Researchers may be closer to developing a means of accelerating the healing of wounds on a battlefield, something the Pentagon has a keen interest in.
As early as 2002, the Defense Advanced Research Projects Agency put out a request for proposals seeking novel ideas giving troops a technology to immediately accelerate tissue repair for wounded or injured soldiers. Ideas suggested in the proposal included use of electromagnetic fields such as near infrared, millimeter waves and radio frequency.
But now researchers say an evolutionarily conserved gene called Lin28a, active in embryos but not in adults, enhanced the repair of damaged tissue in a test using mice. By reactivating the dormant gene Lin28a, which is active in embryonic stem cells, researchers were able to regrow hair and repair cartilage, bone, skin and other soft tissues in mice, Boston Children’s Hospital said in a Nov. 7 statement.
“It sounds like science fiction, but Lin28a could be part of a healing cocktail that gives adults the superior tissue repair seen in juvenile animals,” lead researcher Dr. George Daley, director of the hospital’s Stem Cell Transplantation Program, said in a Nov. 7 statement. The findings were published that day in the journal Cell.
To date, the testing proved successful in young mice, but not adults, and so there is still a ways to go, researchers said.
Past efforts to improve wound healing and tissue repair have mostly failed, but altering metabolism is a new strategy that could prove successful, Daley said. The researchers determined that the Lin28a protein could play a role because it regulates growth and development in juveniles, though its levels decline with age.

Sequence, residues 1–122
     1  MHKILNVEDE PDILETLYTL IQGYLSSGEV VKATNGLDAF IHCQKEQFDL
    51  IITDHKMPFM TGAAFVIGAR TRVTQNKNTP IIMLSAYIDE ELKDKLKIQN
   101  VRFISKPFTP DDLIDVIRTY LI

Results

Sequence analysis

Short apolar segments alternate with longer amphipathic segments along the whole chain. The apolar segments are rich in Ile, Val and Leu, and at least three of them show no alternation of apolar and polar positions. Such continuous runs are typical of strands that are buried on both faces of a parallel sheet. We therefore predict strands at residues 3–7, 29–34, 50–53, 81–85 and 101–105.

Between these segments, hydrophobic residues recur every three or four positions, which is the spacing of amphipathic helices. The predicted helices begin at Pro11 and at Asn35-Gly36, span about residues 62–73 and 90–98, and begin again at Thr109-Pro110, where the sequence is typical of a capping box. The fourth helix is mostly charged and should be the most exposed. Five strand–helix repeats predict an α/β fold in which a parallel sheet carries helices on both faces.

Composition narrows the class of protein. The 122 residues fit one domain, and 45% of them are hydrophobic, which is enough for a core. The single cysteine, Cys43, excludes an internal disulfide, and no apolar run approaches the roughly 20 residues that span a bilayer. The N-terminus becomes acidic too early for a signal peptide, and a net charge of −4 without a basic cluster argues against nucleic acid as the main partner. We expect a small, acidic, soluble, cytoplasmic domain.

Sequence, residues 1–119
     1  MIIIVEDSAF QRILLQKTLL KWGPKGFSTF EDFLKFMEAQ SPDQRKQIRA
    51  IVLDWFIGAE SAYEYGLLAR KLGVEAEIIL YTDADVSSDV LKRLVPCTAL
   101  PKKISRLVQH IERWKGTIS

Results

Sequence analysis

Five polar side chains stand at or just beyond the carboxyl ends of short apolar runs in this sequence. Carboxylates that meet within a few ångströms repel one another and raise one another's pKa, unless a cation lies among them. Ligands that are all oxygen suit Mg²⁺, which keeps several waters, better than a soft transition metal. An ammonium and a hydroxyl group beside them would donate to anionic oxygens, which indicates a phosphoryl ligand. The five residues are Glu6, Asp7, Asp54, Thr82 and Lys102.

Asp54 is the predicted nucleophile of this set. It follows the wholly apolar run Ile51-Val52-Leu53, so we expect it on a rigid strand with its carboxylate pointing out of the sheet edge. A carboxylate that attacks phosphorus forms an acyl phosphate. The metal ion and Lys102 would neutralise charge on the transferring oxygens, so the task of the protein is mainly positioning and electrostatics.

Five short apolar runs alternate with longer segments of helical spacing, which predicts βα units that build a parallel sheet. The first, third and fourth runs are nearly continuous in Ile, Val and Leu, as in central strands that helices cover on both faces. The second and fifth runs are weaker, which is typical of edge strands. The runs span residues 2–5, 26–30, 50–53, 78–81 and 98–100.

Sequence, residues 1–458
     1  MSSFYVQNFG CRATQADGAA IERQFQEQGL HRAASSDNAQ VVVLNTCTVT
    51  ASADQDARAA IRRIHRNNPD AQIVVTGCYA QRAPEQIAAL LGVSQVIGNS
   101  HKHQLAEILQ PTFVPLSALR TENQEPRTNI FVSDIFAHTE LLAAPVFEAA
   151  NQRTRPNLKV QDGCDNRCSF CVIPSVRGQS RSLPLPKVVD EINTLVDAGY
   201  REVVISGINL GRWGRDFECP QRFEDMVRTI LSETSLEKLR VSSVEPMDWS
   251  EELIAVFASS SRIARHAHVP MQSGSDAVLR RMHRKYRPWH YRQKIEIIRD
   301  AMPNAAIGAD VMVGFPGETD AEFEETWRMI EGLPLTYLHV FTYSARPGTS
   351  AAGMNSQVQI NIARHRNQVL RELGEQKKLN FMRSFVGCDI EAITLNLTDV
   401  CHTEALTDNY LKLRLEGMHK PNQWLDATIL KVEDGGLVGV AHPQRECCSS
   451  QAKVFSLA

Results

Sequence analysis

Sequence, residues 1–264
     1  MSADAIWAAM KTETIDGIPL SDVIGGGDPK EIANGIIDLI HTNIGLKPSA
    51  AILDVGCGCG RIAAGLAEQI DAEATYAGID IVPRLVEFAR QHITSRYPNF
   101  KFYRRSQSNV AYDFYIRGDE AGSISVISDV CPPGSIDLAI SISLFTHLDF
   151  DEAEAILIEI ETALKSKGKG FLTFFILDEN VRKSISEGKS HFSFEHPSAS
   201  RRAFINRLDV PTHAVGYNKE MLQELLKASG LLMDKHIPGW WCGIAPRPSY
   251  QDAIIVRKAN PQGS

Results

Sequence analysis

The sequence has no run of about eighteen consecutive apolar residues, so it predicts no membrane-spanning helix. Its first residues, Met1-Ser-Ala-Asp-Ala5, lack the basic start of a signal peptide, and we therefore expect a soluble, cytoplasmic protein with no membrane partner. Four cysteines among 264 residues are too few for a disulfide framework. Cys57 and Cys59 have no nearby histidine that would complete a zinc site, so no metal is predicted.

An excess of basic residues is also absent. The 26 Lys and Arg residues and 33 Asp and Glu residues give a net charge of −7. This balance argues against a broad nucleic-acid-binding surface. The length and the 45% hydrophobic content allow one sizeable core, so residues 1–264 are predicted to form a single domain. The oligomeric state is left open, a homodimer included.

Scientist Shyh-Chang Ng, one of the authors on the journal paper, said it’s naturally assumed that cells related to growth are the major players in wound healing, “but we found that the core metabolism of cells is rate-limiting in terms of tissue repair. The enhanced metabolic rate we saw when we reactivated Lin28a is typical of embryos during their rapid growth phase.”
They reactivated the protein in the mice, whose bodies where shaved of hair and their ears and digits injured. The result was a spurring of production of metabolic enzymes and processes normally more active in embryos – essentially “revving up” cell bioenergetics to generate the energy needed to stimulate and grow new tissues, they said.
Further experiments showed they could enhance wound healing with manufactured compounds that directly activated mitochondrial metabolism, rather than Lin28a, which is difficult to get into the cells.
This possibly opens the door to tissue regeneration repair with drugs, they said.